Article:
In the English countryside, pretty villages dot rolling
hills and cobblestones line narrow medieval streets.
Come in through the garden gate, and you'll find a steep
thatched roof overhanging ancient leaded glass windows.
Old garden roses creep around the carved oak door.
The grounds, whether a picturesque cottage garden or the
rolling parkland of the local manor house, are lovingly
cared for. Everything is fresh, tidy, and welcoming. |
On country walks one
passes by charming brick walled and slate roofed
homes surrounded by welcoming gardens.
|Rural England is best seen on foot or bicycle,
the better to appreciate ancient towns, medieval
chapels, hills full of wildflowers, and enjoyable
local traditions. The pace of life is slow, the
rural environment unspoiled. Some tiny hamlets
seem almost to have escaped modernity altogether,
and the summertime fete, the cricket field, and
the local rugby team provide the traditional focus
for community life.
|In ancient towns in the Cotswolds or the Lake
District, public space is built on a welcoming,
human scale. Honey-colored stone shop fronts
form a pleasing corridor along busy sidewalks.
Charming architectural detail, whether medieval or
Victorian, is still carefully maintained.
Slate roofs, thatched cottages, wood beam
ceilings, and flagstone floors evoke scenes from
Dickens or Hardy.
Regional stones are
used to construct the walls of many country
cottages. While thatched roofs create cozy
The local pub is homey, with low ceilings, cozy
rugs, and dark wood bathed in warm yellow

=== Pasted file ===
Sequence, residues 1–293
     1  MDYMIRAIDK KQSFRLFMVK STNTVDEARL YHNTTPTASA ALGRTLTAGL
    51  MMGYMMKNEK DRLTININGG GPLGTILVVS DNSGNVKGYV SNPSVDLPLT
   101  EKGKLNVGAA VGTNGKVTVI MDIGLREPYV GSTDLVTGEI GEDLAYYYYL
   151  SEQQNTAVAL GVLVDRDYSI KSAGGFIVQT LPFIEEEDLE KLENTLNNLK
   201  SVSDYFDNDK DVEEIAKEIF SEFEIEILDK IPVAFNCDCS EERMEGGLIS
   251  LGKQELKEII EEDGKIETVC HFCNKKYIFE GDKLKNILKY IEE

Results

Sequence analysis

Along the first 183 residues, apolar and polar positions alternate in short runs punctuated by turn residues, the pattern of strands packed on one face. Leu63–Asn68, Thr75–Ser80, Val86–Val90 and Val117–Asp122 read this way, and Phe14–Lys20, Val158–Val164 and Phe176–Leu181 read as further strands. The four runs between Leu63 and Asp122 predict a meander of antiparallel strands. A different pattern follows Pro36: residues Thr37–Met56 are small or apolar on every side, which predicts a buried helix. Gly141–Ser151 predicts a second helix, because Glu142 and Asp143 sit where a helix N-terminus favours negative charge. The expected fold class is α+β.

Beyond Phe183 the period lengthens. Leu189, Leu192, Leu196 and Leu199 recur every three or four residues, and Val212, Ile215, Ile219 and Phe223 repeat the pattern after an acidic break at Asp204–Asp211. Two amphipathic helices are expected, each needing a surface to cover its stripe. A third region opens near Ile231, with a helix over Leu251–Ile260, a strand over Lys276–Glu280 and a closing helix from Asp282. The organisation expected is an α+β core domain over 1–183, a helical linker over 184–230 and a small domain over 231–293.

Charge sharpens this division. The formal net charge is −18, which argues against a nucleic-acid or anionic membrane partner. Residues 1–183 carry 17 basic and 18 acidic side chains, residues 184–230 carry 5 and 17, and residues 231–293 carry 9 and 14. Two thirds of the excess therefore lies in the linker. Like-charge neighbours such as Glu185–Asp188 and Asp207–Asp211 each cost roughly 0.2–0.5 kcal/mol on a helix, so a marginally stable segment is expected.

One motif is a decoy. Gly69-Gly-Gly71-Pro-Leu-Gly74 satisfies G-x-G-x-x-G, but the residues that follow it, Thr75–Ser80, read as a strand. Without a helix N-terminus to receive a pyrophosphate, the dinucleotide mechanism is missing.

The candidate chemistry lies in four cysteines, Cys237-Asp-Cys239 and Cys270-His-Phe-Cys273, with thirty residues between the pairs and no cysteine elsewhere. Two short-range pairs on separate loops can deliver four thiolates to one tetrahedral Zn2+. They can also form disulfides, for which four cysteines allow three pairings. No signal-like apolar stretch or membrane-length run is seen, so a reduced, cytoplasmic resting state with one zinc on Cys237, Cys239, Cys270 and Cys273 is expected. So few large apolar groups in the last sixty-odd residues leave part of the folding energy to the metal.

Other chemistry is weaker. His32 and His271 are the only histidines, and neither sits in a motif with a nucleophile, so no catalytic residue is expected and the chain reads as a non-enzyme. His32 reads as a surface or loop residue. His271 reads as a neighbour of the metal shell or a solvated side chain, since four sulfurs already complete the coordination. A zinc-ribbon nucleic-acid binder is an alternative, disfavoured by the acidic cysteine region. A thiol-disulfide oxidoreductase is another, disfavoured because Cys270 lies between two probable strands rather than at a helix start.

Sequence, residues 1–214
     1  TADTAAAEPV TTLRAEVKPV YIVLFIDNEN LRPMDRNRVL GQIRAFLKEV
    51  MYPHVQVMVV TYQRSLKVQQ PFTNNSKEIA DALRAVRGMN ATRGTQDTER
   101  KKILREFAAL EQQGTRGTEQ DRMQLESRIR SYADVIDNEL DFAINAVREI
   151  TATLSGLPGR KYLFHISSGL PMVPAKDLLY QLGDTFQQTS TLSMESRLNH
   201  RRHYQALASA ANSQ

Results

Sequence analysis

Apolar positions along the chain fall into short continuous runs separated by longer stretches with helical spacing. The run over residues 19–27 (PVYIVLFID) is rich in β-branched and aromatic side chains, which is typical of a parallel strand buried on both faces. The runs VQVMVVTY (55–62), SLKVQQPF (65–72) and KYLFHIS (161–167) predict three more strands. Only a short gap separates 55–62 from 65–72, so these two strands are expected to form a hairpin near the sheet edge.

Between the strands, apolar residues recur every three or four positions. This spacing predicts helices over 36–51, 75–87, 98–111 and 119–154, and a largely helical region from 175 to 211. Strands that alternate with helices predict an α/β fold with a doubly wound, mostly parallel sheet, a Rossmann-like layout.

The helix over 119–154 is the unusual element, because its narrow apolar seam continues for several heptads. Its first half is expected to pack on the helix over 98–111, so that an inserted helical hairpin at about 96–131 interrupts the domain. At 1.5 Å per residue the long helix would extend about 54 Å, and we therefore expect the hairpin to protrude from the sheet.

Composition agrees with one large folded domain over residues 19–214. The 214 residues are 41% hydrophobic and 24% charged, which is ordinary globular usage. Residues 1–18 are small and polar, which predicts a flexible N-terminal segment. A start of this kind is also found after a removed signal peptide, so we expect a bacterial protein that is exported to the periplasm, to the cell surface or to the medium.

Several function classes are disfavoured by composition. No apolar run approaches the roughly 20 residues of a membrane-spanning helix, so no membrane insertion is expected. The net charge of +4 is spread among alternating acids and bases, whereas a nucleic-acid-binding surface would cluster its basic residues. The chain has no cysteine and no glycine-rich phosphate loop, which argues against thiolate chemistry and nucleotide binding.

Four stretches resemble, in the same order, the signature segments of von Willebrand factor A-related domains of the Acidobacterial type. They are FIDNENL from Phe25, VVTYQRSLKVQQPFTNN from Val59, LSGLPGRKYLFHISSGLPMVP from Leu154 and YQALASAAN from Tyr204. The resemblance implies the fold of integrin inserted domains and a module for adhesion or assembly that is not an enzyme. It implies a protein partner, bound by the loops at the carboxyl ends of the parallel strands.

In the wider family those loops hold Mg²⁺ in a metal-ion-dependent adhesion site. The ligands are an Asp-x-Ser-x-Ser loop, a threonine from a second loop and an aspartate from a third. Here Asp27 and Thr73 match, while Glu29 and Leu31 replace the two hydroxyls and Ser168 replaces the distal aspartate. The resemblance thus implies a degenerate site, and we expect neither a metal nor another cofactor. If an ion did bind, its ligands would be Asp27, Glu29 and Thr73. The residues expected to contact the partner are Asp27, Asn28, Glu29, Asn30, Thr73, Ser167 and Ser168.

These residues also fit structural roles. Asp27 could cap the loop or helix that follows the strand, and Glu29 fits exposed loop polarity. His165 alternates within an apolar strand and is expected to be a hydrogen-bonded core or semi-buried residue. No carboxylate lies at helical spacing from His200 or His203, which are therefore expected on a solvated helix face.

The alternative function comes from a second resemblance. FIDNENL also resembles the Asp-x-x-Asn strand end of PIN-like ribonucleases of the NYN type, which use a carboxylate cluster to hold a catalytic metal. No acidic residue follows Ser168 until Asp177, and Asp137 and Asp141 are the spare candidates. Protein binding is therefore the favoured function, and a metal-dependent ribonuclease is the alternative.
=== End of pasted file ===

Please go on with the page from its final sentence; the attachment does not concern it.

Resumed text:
lamplight. Stories, gossip, and local politics are
traded here over pints of local ale. For the
weary traveler, a bed and breakfast offers rustic
charm, time-darkened wood wainscoting, low-hanging
go for the Bangers and Mash,
or Fish and chips
A pub interior is quaint and comfortable,
perfect spot to down a local English Ale
| Craftsmanship is important
in English country style: carved wood and stone,
wrought iron, the simple yet imposing lines of a
classic stone manor house.
|English country colors
are natural and subtle: dark wood, gray or beige
stone, warm ivory walls, perhaps a dark red or
green accent wall. Furniture and wainscoting
are carved wood, with Victorian lines. Lamps
are key, with wall sconces or perhaps a rustic
iron chandelier creating intimate pools of light
and making hand-rubbed wood carvings gleam.
A rug in a nineteenth-century floral pattern can
add color, or perhaps a basket of dried
Most rural towns / villages have there
own summer 'fete'. Bringing together the local community
to celebrate with old fashioned fun, car boot
sales, games and vintage tractor rides
No visit to the English country side would be
complete without a visit to the cricket field, or a
stomp in the mud watching a rugby team
|In the summertime, the all-important cottage
garden serves as an "outdoor room" where
tea and lunch can be served. The lawn or
stone courtyard is surrounded by clipped hedges,
climbing roses, forget me nots, bluebells.
An old well cover, a low stone wall, or perhaps an
arch clothed by clematis add architectural
interest. Ever-practical, the English
cottager includes some vegetables in the
landscape: a cucumber frame, a fruit cage
for red currants and gooseberries.
street in Woodstock near Oxford. Flower pots hang from